The European Commission said new rules have come into force aimed at cracking down on subsidized imports and released a report describing "significant distortions" produced by state interference in the Chinese economy.
The newly approved legislation, which was first proposed in November 2016, will apply to all World Trade Organization members, but the commission's first report for use under the new methodology singled out China, because the bulk of the EU's anti-dumping activity concerns imports from that country.
"Our unshakable and facts-based conviction that trade brings prosperity will not prevent us from defending our workers and companies with all legitimate tools when others do not play by the rules," the commission's President Jean-Claude Juncker said in a statement.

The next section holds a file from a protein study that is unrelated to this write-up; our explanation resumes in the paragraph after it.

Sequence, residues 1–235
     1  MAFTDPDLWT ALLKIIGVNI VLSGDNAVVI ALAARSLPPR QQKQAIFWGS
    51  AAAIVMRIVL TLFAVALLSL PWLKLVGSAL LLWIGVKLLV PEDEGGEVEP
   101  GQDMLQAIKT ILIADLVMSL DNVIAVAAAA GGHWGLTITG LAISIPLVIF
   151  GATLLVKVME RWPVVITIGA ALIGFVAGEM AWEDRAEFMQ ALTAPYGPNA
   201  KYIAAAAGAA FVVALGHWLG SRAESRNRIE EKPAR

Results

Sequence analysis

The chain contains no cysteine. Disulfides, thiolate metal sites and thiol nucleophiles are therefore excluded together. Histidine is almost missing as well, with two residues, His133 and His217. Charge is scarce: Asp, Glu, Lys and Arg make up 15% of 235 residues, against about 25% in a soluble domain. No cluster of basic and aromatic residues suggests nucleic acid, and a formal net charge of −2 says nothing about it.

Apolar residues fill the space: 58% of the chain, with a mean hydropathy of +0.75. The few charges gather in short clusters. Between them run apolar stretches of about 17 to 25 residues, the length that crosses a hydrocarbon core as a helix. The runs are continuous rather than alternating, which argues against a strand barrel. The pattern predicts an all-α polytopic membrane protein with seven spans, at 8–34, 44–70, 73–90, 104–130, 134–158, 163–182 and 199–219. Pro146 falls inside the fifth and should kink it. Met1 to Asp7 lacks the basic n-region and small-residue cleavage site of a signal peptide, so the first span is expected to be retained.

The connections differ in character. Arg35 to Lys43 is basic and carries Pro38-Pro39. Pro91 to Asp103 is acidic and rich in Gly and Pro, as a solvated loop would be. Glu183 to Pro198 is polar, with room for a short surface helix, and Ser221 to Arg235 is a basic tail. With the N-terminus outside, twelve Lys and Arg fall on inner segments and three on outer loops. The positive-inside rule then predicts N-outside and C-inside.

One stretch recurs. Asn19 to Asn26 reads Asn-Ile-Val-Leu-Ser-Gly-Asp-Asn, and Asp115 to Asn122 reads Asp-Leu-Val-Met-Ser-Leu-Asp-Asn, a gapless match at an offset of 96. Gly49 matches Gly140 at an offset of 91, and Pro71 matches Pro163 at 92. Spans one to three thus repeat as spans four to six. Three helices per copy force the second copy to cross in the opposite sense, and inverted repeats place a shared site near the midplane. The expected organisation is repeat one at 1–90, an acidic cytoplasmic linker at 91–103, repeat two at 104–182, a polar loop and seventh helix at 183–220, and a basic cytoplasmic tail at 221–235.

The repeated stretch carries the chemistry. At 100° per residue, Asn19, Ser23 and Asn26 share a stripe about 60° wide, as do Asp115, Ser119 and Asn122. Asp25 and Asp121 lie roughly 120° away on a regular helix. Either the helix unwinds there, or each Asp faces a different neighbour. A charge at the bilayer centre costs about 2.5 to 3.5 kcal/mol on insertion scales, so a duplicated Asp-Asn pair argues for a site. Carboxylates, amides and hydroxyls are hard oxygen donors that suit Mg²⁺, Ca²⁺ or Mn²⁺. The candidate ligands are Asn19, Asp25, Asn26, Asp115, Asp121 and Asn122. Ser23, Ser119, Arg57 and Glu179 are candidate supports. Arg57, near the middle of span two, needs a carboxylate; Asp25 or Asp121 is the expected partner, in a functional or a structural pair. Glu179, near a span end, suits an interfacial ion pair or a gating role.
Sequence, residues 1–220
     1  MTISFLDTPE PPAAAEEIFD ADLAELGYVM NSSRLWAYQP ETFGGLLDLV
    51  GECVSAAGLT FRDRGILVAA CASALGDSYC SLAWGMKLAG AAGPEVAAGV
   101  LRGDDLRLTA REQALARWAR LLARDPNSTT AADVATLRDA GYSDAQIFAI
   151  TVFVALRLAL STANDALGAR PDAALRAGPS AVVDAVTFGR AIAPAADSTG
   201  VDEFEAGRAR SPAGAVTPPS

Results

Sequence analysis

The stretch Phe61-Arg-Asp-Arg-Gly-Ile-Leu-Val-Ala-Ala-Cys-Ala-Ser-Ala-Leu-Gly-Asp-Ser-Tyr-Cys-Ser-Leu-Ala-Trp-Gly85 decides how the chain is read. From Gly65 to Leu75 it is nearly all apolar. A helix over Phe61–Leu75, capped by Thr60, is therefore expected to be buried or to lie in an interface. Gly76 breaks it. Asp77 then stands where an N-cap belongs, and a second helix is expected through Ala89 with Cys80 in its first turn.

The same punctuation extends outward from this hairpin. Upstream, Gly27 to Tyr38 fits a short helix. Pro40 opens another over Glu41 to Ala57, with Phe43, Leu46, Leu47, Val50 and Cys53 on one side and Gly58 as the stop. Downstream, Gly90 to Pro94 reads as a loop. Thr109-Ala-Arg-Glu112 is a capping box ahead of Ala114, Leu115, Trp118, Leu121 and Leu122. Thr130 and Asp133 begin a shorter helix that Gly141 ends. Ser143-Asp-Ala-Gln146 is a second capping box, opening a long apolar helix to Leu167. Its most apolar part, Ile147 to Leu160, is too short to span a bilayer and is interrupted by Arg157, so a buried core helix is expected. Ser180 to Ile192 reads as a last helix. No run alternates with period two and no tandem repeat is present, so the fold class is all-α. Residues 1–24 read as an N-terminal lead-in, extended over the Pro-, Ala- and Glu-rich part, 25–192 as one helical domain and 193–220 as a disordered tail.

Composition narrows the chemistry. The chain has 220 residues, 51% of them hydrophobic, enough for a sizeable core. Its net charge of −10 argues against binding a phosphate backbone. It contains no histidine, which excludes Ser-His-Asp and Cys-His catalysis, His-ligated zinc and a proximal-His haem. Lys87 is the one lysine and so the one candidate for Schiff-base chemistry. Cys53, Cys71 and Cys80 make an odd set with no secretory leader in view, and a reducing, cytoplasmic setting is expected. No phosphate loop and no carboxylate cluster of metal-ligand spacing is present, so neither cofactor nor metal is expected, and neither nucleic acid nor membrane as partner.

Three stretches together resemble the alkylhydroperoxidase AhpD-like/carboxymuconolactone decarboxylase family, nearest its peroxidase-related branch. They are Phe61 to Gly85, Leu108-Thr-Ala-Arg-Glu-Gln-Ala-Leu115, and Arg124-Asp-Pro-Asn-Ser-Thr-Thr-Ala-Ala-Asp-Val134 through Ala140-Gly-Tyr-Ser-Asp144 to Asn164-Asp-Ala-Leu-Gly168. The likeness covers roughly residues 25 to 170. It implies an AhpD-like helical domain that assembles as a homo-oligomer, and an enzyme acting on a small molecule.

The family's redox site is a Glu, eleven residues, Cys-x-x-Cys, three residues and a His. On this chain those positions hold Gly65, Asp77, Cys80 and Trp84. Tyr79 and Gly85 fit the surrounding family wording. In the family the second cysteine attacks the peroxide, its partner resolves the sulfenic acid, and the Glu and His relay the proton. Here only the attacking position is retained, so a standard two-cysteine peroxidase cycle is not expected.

The Chinese state "continues to exert a decisive influence on the allocation of resources and on their prices," the report said, singling out sectors including steel, aluminum, chemicals and ceramics.
Up until now, the Commission had compared the prices at which products are imported to those at which the same products are sold in the country of origin, but as of now it will disregard domestic prices or costs if they are distorted due to state intervention.
The next country report, will focus on Russia, followed by other countries, based on their relative importance in the EU's anti-dumping activity, the commission noted.
"The publication of country reports will help us to put the new methodology into practice," Cecilia Malmström, the commissioner for trade, said.